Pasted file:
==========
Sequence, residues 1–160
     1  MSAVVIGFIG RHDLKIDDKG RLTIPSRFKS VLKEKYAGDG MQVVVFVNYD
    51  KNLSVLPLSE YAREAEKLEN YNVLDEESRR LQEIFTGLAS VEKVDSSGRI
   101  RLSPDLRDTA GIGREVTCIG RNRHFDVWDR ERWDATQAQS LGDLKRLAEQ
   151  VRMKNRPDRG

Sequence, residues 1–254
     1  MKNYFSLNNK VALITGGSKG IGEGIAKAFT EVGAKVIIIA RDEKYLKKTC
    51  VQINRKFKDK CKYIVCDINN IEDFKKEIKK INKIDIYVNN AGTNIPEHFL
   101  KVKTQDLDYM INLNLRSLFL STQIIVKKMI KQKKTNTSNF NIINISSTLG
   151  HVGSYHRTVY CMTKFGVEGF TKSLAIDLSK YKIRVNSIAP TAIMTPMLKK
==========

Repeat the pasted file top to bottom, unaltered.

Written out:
Sequence, residues 1–160
     1  MSAVVIGFIG RHDLKIDDKG RLTIPSRFKS VLKEKYAGDG MQVVVFVNYD
    51  KNLSVLPLSE YAREAEKLEN YNVLDEESRR LQEIFTGLAS VEKVDSSGRI
   101  RLSPDLRDTA GIGREVTCIG RNRHFDVWDR ERWDATQAQS LGDLKRLAEQ
   151  VRMKNRPDRG

Sequence, residues 1–254
     1  MKNYFSLNNK VALITGGSKG IGEGIAKAFT EVGAKVIIIA RDEKYLKKTC
    51  VQINRKFKDK CKYIVCDINN IEDFKKEIKK INKIDIYVNN AGTNIPEHFL
   101  KVKTQDLDYM INLNLRSLFL STQIIVKKMI KQKKTNTSNF NIINISSTLG
   151  HVGSYHRTVY CMTKFGVEGF TKSLAIDLSK YKIRVNSIAP TAIMTPMLKK